In this gesture of great kindness David is a vivid picture of the Lord Jesus in that He too, after His victory at Calvary, invites those crippled in the original ‘fall’ to come to Him. All who do respond find eternal salvation and blessings from His hand. Their past is no longer an issue and their allegiance to the King is unquestioned, even when misrepresented and wickedly maligned (e.g., by Ziba, ‘the strong one’, 2 Sam. 16:1–4). For such kindness we give thanks.


AT FIVE YEARS of age, Mephibosheth suffered an accident. He was a cripple all his life, a condition demanding daily attention. What care has to be taken of the young. When summoned to David, 2 Sa 9:9:4f, he had a young son of his own, 2 Sa 9:12.

The Preliminaries, 2 Sa 9:9:1–5. David’s initial question finely expresses his steadfast love “for Jonathan’s (=gift of the Lord) sake”, 2 Sa 9:1; cf. Rom. 11:29. The remaining questions are all prefaced by reference to “the king”, 2 Sa 9:2, 3, 4, as are Ziba’s answers, 2 Sa 9:3b, 4b. With authority “king David” sent for Mephibosheth to Lo-debar (=place of no pasture), 2 Sa 9:4f.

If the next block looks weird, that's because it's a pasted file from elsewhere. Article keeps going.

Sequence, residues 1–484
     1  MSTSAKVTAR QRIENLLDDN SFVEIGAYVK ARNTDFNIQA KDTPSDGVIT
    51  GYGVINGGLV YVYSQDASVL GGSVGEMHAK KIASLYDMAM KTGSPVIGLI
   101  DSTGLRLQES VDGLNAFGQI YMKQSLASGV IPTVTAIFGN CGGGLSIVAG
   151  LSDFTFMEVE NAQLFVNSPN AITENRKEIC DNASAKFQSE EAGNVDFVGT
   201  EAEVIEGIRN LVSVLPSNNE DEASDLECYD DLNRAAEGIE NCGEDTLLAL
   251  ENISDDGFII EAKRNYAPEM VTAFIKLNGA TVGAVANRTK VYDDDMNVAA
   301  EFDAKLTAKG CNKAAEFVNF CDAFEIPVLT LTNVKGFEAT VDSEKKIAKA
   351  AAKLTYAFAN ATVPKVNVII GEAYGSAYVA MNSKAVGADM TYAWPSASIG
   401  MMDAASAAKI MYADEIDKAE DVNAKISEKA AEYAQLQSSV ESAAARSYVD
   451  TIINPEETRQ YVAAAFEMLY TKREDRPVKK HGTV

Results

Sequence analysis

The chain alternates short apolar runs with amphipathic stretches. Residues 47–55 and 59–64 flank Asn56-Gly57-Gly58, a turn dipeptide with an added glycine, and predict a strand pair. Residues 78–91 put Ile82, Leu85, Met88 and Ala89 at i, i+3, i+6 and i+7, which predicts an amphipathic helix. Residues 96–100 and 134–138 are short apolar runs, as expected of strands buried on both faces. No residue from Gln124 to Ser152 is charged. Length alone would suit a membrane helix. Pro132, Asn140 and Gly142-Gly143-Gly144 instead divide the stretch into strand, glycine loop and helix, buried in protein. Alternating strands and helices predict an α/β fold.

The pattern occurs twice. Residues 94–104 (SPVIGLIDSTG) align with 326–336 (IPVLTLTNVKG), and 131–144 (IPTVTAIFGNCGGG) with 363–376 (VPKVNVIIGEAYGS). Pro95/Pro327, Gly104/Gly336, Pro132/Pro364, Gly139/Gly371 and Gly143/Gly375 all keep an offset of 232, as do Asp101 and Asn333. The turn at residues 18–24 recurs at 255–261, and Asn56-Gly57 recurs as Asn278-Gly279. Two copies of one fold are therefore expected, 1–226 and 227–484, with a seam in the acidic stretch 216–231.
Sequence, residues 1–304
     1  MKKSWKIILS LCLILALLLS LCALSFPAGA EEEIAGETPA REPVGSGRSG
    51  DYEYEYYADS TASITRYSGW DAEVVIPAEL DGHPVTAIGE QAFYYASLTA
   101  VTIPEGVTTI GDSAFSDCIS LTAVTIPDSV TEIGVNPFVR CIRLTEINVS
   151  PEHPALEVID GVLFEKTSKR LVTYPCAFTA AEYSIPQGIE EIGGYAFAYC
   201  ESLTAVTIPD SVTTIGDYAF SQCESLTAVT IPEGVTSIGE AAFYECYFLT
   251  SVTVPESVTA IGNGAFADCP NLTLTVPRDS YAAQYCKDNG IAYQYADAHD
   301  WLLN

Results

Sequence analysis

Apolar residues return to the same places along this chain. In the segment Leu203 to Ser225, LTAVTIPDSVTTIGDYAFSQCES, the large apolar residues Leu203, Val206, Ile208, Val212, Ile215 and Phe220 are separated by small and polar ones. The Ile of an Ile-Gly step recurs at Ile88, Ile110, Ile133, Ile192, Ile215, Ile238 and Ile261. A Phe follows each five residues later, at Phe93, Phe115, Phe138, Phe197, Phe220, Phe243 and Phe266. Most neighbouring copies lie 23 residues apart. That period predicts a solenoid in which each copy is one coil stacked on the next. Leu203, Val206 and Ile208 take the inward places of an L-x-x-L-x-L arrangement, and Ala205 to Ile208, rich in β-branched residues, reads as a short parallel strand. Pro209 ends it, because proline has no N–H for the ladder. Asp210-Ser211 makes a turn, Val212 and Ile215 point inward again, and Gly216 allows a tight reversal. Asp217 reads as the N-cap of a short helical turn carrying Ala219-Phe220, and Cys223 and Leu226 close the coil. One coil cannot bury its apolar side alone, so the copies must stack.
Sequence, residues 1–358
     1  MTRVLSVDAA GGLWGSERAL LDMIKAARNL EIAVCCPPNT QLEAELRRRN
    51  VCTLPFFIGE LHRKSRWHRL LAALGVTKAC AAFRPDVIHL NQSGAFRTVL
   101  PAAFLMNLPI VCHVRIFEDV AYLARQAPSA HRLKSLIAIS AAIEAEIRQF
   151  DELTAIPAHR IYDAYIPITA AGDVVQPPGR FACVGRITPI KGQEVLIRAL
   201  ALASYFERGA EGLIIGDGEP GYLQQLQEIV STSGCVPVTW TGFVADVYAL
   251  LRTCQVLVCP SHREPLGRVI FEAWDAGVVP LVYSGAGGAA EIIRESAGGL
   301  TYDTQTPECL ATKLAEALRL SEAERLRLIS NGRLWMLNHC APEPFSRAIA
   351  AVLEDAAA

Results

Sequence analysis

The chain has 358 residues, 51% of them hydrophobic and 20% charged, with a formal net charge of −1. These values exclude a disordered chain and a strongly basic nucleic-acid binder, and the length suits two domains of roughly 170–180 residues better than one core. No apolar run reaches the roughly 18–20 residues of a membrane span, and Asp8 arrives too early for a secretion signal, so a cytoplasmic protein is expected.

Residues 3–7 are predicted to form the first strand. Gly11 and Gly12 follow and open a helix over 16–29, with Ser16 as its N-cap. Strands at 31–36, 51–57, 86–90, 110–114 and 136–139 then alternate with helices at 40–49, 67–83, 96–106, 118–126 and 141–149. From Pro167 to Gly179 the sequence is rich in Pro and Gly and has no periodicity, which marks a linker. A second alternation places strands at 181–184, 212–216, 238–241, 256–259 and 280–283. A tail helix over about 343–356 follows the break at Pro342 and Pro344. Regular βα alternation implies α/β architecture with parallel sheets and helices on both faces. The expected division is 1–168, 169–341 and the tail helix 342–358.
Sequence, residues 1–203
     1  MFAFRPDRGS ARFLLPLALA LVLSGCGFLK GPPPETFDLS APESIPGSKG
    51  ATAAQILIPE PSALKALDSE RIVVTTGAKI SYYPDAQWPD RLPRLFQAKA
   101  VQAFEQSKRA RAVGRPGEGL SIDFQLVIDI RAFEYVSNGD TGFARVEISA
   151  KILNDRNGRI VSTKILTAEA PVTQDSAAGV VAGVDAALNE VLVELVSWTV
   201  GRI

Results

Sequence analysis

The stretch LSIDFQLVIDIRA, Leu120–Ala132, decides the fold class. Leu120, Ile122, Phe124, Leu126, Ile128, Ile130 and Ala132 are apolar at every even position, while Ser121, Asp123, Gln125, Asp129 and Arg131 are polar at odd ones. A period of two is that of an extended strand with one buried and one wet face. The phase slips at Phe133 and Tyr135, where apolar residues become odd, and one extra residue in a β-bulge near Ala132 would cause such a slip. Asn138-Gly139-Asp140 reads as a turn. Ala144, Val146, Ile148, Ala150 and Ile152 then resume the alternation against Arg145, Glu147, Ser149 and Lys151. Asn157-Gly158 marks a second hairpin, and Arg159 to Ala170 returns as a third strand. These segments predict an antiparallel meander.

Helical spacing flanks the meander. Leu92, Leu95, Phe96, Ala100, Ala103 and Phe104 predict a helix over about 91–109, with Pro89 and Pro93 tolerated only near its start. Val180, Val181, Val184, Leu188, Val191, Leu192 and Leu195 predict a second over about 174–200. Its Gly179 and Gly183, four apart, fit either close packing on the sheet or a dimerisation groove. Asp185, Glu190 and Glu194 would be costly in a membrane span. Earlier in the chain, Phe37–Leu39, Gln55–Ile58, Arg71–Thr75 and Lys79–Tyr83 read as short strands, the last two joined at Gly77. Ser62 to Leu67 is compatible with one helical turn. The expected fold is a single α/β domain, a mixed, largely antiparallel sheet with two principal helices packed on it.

The Amazing Proportions of Steadfast Love, 2 Sa 9:6–8. The word king is not used here. Note Mephibosheth’s responses, initially, 2 Sa 9:6a, and finally on being overwhelmed by David’s determined love to him. Only when we rightly estimate our own nothingness as but “dead dogs”, does the causeless and measureless character of divine love bring us to love much, 2 Sa 9:8. That which “David said” is central. First, as the good shepherd he calls his own sheep by name, 2 Sa 9:6b; cf. John 10:3. Then the fourfold expression of his love falls upon Mephibosheth’s ears: “Fear not”—assurance; “I will surely show thee kindness”—guaranteed covenant love; “I will restore thee all the land”—a complete inheritance regained, and “thou shalt eat bread at my table continually”—loftiest grace and privilege. Sadly, Mephibosheth still only saw himself as “thy servant” rather than as “one of the king’s sons”. The servile spirit ill-befits one in whom “grace reigns”.